Last May I did not vote for the Conservatives. I’ll admit, I’m not the most politically oriented person and the only times I really pay attention are in the months preceding an election, but many of the Tories policies affect me (and others in the same positions as me) negatively. Give one of their most recent decisions, for example: to scrap the maintenance grant.
I do not receive this grant. My degree and my year abroad are covered only by loans, jobs, and parents who are generous enough to help me out when I need it. When I started thinking about applying to university in 2012, tuition fees were about to make their massive jump from £3000 to £9000 a year. A standard bachelors degree was about to cost three times more, and it made people very desperate to get into university that academic year. The news that August had a very heavy spotlight over results day, more specifically on those who did not manage to meet the conditions for their firm or insurance offers. I remember listening to one such interview on BBC Radio 4, about a girl who failed to get into biochemistry but had accepted a place on a finance course instead, at a university she hadn’t even considered applying to.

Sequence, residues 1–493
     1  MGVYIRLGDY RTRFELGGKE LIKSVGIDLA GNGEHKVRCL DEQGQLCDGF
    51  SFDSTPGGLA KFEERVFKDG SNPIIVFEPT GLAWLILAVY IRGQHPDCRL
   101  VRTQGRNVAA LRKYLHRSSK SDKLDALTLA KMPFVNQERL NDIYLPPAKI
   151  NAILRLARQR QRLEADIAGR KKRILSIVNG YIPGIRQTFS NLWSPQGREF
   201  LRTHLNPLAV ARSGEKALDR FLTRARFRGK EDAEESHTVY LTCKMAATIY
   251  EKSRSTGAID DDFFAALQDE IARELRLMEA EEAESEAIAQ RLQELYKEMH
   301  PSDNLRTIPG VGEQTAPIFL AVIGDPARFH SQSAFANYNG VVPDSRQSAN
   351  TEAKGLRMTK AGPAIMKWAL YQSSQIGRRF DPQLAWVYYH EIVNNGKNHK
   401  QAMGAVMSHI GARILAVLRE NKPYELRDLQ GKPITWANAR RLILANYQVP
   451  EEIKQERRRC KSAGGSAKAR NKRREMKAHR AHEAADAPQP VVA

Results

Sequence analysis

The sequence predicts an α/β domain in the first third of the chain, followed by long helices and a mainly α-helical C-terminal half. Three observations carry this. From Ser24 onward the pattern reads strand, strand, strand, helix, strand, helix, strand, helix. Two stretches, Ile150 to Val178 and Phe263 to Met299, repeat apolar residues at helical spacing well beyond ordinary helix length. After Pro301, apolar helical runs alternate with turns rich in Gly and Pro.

My first thought was why? Why would you give up on what you wanted to do just because of a rise in tuition fees? It’s not like it would directly affect your time at university, thanks to the relatively cushy loan offered by Student Finance. I was almost certainly influenced by the fact that I knew I’d have to pay the raised fee no matter what, and saw it as unfair that they even had the choice. I realise now that that was a very naive opinion. If my parents were unable to help me out, I’m not sure I would have been able to afford a degree. I certainly wouldn’t have been able to fund a year abroad and have all the amazing experiences I’m currently having, and would not be studying for a masters.
For those in the UK who do not have parents (or anyone else) who can help them out, the grant is a necessity to be able to afford to go to university. Getting rid of this will effectively cut them off from higher education completely, which in my books that is not on. This affects some of my closest friends, as if they not had this money available to them, I never would have met them. And as a quote I’ve seen batted about on social media a lot recently says: What if the cure for cancer is trapped in the mind of someone who cannot afford an education?
If you want to support the cause; you can sign the petition HERE. I don’t want to get all preachy on you, but as a country of almost 2 million undergraduate students, together we can make a difference. If you have any thoughts on this matter, I’d love to hear them in the comments below.
Until next time!